Leaving gender out: the media's refusal to acknowledge that women actually matter.

Salon.com published a great article on Friday, about the way in which domestic violence is still considered a private matter; pointing to the recent events around psycho misogynist Mel Gibson, as well as to the abuse perpetrated by Chris Brown on girlfriend, Rihanna:

“Another domestic violence incident that was in the news recently was Chris Brown and Rihanna after their now infamous drive in a Los Angeles suburb the night before the 2009 Grammy Awards. After his emotional performance at the BET Awards, many people declared Chris Brown forgiven. Bygones. He cried and apologized so we must all take it easy on him and just get past the “situation with Rihanna.” Let me be clear: Domestic violence is not a “situation.”

While Whoopi will defend Gibson by saying he is not a racist (because he’s been INSIDE HER HOUSE! So it’s impossible!), she says nothing about the emotional and physical and abuse of his wife. Whereas we mostly seem to agree that, to attack an entire ethnicity or race is wrong, we continue to ignore attacks on approximately one half of our population. Women, that is. Who? Oh nobody.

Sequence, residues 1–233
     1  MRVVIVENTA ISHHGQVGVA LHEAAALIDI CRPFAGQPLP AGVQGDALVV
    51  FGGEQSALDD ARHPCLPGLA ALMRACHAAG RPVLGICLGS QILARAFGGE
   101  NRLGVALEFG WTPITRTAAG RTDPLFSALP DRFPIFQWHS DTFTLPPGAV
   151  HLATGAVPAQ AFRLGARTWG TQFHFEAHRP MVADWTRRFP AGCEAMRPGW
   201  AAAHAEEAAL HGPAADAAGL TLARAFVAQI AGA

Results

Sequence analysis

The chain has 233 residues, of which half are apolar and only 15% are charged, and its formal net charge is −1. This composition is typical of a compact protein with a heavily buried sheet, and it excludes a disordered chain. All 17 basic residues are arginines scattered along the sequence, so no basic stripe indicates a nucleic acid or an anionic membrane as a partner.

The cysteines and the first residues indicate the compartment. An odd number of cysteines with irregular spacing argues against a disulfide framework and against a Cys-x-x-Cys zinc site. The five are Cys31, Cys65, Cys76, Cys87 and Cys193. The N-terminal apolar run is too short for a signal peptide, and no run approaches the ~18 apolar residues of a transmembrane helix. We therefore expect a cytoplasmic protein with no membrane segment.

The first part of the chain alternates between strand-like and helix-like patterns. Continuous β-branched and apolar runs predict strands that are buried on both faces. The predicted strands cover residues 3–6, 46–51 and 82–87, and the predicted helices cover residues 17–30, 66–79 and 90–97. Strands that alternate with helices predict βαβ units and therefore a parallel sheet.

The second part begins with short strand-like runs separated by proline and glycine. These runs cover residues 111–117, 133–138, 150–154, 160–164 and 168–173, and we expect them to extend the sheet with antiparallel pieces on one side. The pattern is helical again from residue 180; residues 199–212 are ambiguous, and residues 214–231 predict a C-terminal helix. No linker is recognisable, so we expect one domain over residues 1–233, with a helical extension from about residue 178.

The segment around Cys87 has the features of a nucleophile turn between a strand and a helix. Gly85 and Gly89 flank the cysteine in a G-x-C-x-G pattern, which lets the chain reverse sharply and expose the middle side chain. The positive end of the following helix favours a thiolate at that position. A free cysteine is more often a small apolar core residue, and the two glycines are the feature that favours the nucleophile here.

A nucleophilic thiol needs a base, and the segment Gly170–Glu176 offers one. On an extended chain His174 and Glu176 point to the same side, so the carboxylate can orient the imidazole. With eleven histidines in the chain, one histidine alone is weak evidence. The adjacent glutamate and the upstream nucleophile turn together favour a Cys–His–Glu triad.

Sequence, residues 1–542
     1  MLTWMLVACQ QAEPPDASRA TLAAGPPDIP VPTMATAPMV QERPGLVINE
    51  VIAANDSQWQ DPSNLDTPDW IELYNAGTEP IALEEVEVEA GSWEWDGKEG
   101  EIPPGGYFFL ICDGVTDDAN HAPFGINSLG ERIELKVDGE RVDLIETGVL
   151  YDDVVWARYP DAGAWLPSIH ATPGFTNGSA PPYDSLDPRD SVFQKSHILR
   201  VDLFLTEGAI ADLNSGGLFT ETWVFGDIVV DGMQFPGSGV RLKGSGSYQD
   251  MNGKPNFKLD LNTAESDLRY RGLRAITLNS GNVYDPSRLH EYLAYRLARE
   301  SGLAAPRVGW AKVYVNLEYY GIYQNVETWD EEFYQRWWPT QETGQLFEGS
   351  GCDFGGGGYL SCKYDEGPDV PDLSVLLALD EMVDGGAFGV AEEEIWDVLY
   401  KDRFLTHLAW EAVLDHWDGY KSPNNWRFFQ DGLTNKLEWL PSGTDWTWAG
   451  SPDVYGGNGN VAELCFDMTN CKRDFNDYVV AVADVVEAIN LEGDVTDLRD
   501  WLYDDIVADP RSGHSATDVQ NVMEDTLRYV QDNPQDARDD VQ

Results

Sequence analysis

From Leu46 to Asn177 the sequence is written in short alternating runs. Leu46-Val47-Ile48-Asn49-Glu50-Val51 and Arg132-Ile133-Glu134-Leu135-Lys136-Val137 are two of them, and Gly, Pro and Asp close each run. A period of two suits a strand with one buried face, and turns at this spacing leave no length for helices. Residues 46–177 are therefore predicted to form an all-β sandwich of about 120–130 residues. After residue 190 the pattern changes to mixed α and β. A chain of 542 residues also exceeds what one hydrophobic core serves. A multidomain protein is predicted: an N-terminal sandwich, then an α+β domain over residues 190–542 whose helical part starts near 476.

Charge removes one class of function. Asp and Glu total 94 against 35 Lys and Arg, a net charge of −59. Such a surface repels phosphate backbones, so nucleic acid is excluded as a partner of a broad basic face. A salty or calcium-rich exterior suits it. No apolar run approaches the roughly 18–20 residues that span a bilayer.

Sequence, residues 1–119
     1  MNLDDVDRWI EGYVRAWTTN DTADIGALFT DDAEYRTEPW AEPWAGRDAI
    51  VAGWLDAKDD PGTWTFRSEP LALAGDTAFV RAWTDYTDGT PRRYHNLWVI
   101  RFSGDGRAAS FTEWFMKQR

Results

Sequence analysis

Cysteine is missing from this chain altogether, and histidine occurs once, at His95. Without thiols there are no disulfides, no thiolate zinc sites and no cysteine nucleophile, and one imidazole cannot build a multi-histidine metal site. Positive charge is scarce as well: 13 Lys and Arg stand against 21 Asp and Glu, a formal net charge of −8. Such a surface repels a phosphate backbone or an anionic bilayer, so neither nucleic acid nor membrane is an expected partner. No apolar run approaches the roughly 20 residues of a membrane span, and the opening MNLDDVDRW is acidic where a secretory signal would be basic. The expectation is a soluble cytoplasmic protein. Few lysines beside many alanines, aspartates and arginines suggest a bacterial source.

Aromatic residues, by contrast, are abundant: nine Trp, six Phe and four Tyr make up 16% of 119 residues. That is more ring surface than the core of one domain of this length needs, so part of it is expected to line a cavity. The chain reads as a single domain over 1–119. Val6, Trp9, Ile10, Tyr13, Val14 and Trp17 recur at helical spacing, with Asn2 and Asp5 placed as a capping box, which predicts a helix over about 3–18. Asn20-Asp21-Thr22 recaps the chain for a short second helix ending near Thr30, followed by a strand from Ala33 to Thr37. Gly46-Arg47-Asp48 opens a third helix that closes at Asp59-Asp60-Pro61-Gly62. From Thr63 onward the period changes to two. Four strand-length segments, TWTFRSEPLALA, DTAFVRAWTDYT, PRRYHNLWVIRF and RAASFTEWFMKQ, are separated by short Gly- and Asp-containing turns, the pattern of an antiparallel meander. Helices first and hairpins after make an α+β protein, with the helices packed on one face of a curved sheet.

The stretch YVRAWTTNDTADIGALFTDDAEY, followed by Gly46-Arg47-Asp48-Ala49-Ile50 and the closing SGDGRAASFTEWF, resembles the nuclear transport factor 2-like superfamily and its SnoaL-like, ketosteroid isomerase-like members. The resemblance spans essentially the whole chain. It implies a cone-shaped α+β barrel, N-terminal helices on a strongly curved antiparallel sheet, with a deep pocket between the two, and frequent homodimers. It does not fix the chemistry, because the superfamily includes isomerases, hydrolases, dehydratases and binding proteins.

We know that men who beat their partners are easily forgiven in the media, as demonstrated recently by Charlie Sheen. So now, with these undeniably awful allegations against Gibson, will we finally put our communal foot down? Somehow I doubt it. Polanski, Sheen, Gibson, the myriad of pro-athletes who have been accused of and then forgiven for rape and violence against women, have proved otherwise. When will our actions as a society show men that domestic abuse will not be ignored? Will not be accepted? At what point will we decide not to simply forgive and forget?

Hollywood threatened boycott over Gibson’s anti-semetic remarks, but where is the call to boycott this man based on the vile words and actions against women? When will we actually value women in this world?

Meghan Murphy

Founder & Editor

Meghan Murphy is a freelance writer and journalist from Vancouver, BC. She has been podcasting and writing about feminism since 2010 and has published work in numerous national and international publications, including The Spectator, UnHerd, Quillette, the CBC, New Statesman, Vice, Al Jazeera, The Globe and Mail, and more. Meghan completed a Masters degree in the department of Gender, Sexuality and Women’s Studies at Simon Fraser University in 2012 and is now exiled in Mexico with her very photogenic dog.